TED: Joseph G. Levitt: ‘How Craving Attention Makes You Less Creative’


Source:TED– Actor Joseph G. Levitt, speaking at a TED conference

Source:The New Democrat 

“Joseph Gordon-Levitt has gotten more than his fair share of attention from his acting career. But as social media exploded over the past decade, he got addicted like the rest of us — trying to gain followers and likes only to be left feeling inadequate and less creative. In a refreshingly honest talk, he explores how the attention-driven model of big tech companies impacts our creativity — and shares a more powerful feeling than getting attention: paying attention.”

Joseph G. Levitt speaking at a TED

Dealing with Attention Seeking Behavior

Source:Autumn Asphodel: ‘Dealing with Attention Seeking Behavior’– Great material for anyone who needs to sleep. but who simply can’t.

“Everyone needs attention. When they don’t get the attention they deserve, such as being neglected, abandoned, abused, or left feeling unworthy or unloved, they will subconsciously make up for that by seeking attention and sympathy to fill that void. Attention seeking can also be a subconscious cry for help. But, there are ways of recognizing the behavior and getting control of it.”

What actor Jospeh Gordon Levitt is talking about here sounds like a book that British author Caitlin Moran wrote about people who try to be famous just to be famous. Who do and say outrageous things just to be famous. The literal title of her book is: “How to be Famous.” Not saying that Joe Levitt read Caitlin Moran’s book and decided to give a speech about this, but they’re basically talking about the same thing: people who are addicted to fame, especially people who aren’t already famous. Which s an issue that we’ve always had in this country ever since the creation of Hollywood, but has exploded in the last 10-20 years thanks to the internet. As well as the rise in popularity of tabloid news shows .and what’s called reality TV.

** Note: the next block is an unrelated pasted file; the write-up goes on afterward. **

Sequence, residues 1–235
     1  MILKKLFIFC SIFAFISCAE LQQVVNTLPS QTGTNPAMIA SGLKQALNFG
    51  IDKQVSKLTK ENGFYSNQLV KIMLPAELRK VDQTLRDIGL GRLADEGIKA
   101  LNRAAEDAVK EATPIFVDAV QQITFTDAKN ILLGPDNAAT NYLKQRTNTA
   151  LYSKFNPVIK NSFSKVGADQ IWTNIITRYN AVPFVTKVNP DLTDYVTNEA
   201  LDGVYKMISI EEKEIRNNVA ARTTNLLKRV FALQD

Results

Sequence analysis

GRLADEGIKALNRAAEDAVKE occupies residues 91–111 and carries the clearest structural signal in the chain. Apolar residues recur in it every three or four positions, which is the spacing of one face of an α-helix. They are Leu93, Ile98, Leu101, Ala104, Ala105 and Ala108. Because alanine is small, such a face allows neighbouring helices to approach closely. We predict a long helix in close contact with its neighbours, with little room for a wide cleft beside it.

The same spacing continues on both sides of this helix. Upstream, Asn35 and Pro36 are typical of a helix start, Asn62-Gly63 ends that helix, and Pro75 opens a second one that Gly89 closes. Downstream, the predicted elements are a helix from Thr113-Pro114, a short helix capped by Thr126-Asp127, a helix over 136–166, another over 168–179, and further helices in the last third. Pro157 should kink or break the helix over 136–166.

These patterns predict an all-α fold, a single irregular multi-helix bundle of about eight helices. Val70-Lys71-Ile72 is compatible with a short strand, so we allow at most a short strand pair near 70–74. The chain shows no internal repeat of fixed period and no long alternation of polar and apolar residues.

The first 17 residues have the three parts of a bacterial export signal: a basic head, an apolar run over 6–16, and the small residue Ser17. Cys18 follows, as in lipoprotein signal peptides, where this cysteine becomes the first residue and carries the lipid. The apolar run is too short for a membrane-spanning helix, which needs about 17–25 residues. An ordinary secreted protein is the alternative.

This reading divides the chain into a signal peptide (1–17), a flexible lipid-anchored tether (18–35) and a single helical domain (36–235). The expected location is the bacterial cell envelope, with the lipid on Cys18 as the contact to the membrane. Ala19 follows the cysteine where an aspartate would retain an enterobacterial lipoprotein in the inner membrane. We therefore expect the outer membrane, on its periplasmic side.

I wrote a piece for this blog about Caitlin Moran’s book which you can see in the BookTV section of this blog. And the argument that I made 14 months ago, is the same argument that I’m going to make here: people need to know who they are and what they’re good at. And if they’re lucky or just very skillful and intelligent, perhaps they’re not addicted to their phone or coffee or what’s called reality TV and celebrity culture, they’ll find something that they both love doing and are really good at, because they have the talent for it and they love what they do for a living. Whether it’s writing, acting, teaching, law enforcement, whatever it might be that they’re good at in life, that supports their lifestyles, and they love doing.

My next point is about positive creativity versus negative creativity

There are cooks who are very creative in how they prepare their meals that a lot of people love. There are doctors who are very creative in how they deliver quality, affordable, health care. There are great teachers who are very creative in how they teach their students. And I could go on indefinitely to the point that insomniacs might finally get their first sleep in weeks, months or years.

And then there are serial murders who are very creative in how they murder their victims: Ted Bundy, John Gacy, and unfortunately I could go on there as well. And then we have reality TV and celebrity addicts, who aren’t as dangerous ( even with their smartphones and computers ) but in too many cases aren’t as smart either, whose only goal in life is to be famous and become the next OMG awesome celebrity or whatever.

People who want to be the next Paris Hilton ( or whoever the most popular Real Housewives star is ) who are famous for simply being famous and doing and saying outrageous things. And the more outrageous they are and the more trouble that they get in, the more popular they are, the more followers they have on Twitter and Instagram, or whatever their social media network of choice happens to be. How many times have Paris Hilton and Lindsay Lohan been arrested and then also look at how popular they are.

My next to last point goes back to one of my first points and hopefully you don’t get any whiplash here: if your sole purpose in life is to be famous and popular, you’re going to end up doing and saying a lot of stupid things in life. And that new celebrity might say: “I might be doing 10 years in prison, but I could get out in 5. And besides, look at all of the new followers that I’ll have when I get out. And I”lll even get a new book deal out of it.” Which would be another example of negative creativity, which would be people who don’t care about getting in trouble, just as long as it comes from fame and they can make a lot of money off of it.

Or your goal in life could be just to be very successful, even to the point you never spend a single day in jail. Which might sound way too hard to believe for too many people and you decide that you’re going to be the best that you can be at whatever you do ( just as long as it’s legal, or then jail time will definitely be involved ) and then let the fame and money take care of it themselves, based on how talented, intelligent, and successful you are. Which would be my approach.

About The Daily Review

This is a blog about life and classic Hollywood.
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